"My concern is the message that it sends," the lawyer continued. "The existence of the section, the fact that talented, smart, aggressive prosecutors are looking at cases, sends a message to public officials that they need to be careful." Now another message has been sent.

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The Justice Department's review of the nation's terrorist watch list reveals that the list is incomplete, not up to date, and inaccurate. Many of the agencies that contribute information to the list, which is managed by the Terrorist Screening Center, lacked standard rules for sharing relevant data, and FBI field agents submitted names to the list without proper vetting. (LA Times)

The House Energy and Commerce Committee is now investigating alleged conflicts of interest within the scientific panels that help shape policy at the Environmental Protection Agency. Of most immediate concern is the "case of eight scientists who were consultants or members of EPA science advisory panels assessing the human health effects of toxic chemicals while getting research support from the chemical industry on the same chemicals they were examining." Meanwhile, Deborah Rice, a prominent toxicologist, was removed from an EPA panel when the The American Chemistry Council questioned her objectivity. (AP)

The U.S. government is now in the business of censoring artwork by Guantanamo Bay detainees. Sami al-Haj, a Sudanese cameramen for the Al-Jazeera TV network, commemorated his 431st day on hunger strike by drawing a picture that reflects the "nightmares of what I must look like, with my head double-strapped down, a tube in my nose, a black mask over my mouth, with no eyes and only giant cheek bones," but the government will not release it. Lawyers for al-Haj have hired a political cartoonist to create drawings based on al-Haj's descriptions. (USA Today)

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The administration threw everything it had at the Democrats. Statement after statement after statement on the White House lawn. TV ads, web ads. Letters from the attorney general and director of national intelligence raising the alarm about the danger the country is in. Even a TV appearance by the DNI himself to highlight the "increased danger."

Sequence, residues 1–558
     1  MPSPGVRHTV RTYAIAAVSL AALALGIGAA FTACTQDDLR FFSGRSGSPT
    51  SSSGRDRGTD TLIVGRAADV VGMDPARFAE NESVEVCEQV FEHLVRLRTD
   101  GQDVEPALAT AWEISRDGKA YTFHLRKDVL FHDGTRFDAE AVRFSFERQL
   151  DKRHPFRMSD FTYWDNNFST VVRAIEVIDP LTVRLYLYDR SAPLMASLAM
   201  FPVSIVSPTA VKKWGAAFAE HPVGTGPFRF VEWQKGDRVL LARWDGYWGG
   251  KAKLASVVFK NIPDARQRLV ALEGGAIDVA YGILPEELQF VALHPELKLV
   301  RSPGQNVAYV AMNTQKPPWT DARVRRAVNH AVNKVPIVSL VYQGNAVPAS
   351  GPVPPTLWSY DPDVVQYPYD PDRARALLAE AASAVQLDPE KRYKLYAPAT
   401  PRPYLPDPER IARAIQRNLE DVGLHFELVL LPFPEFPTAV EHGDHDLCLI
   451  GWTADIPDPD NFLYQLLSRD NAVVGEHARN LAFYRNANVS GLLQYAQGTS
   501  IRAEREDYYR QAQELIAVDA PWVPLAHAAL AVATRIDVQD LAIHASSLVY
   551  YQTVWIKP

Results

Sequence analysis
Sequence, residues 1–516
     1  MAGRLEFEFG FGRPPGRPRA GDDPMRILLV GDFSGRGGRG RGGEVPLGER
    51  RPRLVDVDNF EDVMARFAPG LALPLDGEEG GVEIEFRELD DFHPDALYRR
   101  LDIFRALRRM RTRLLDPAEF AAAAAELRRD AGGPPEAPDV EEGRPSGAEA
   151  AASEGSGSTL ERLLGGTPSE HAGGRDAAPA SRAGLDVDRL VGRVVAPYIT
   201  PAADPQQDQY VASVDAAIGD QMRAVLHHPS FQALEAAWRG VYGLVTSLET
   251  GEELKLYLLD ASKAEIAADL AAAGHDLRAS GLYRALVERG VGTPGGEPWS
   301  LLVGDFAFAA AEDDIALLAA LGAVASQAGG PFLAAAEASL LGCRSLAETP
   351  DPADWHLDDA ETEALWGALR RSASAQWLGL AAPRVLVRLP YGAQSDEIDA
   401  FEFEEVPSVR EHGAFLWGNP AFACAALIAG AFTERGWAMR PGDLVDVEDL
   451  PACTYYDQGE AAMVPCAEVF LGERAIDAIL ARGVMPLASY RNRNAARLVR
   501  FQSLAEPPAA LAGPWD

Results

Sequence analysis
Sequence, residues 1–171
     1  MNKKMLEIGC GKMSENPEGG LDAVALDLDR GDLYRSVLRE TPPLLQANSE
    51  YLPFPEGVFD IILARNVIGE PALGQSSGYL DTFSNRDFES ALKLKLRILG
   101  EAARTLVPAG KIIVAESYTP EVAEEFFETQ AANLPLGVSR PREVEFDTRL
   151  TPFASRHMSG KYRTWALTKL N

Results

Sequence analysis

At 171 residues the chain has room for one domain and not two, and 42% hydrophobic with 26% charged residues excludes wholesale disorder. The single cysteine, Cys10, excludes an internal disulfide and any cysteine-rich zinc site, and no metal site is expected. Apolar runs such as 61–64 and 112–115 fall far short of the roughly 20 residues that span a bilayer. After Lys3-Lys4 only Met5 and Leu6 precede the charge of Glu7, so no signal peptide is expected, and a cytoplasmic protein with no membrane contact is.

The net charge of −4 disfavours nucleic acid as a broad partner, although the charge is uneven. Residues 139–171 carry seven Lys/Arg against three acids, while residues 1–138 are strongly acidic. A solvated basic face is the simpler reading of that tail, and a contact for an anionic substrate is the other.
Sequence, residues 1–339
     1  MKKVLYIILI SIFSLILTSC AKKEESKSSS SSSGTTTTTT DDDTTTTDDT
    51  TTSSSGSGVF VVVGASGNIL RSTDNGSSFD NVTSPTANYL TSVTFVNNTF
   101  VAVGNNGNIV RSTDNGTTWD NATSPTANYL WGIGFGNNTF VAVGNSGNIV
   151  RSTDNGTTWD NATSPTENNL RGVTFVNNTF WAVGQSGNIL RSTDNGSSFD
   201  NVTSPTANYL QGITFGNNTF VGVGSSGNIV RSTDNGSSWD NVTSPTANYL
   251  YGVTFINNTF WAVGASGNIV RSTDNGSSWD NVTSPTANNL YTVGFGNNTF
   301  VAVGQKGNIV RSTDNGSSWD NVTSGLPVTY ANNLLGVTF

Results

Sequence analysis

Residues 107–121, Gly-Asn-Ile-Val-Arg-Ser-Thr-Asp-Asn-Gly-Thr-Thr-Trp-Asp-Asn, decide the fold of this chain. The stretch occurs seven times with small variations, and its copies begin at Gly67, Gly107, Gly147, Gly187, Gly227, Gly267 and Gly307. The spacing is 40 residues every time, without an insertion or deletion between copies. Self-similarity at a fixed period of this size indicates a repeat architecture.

And what did it get them? At the end of last week, nearly a month after the Protect America Act lapsed, the House passed a bill that does not contain retroactive immunity -- the bill even contains a provision that dispenses with the administration's main legal argument for blocking the lawsuits, the state secrets privilege.

So what now? No one on the Democratic side of the aisle seems to have bought the administration's line that the lapse of the Protect America Act is cause for concern. Wiretaps authorized by that law can go until August of this year. Wiretaps of new targets would have to be authorized under the old FISA law. But the authorities granted by the PAA are so broad (it authorizes wiretaps of entire terrorist groups) that as of two weeks after the law's lapse, no warrants of wiretaps for new targets had yet been required. That makes the administration's claim that such warrant requests will create a mountain of paperwork look pretty silly.

There seems to be a definite lack of urgency (despite the Republicans' terrifying web ad). And as the Politico reports, that lack of urgency on top of the considerable differences between the House and Senate surveillance bills -- most evidently on the issue of retroactive immunity -- means that the prospects for passing any bill through both houses appear dubious:

“I don’t know if there is a dire need to get it done tomorrow,” said one Senate Democratic aide. “Obviously we would like to see a resolution on this, but that is really hard to do when the House is voting on legislation that won’t pass the Senate and Republicans won’t even come to the table.”

Both houses are in recess for the next two weeks. And when the Senate gets back, Senate Majority Leader Harry Reid (D-NV) has planned a push on economic issues. How surveillance will fit into that agenda when the Senate likely doesn't have the 60 votes to even begin debate on the House's bill is not at all clear. And even if the Senate did pass something eventually, the distance between the House leadership and key Senate Democrats like Senate intelligence committee Chairman Jay Rockefeller (D-WV) on the issue of immunity makes the fate of such a bill unsure.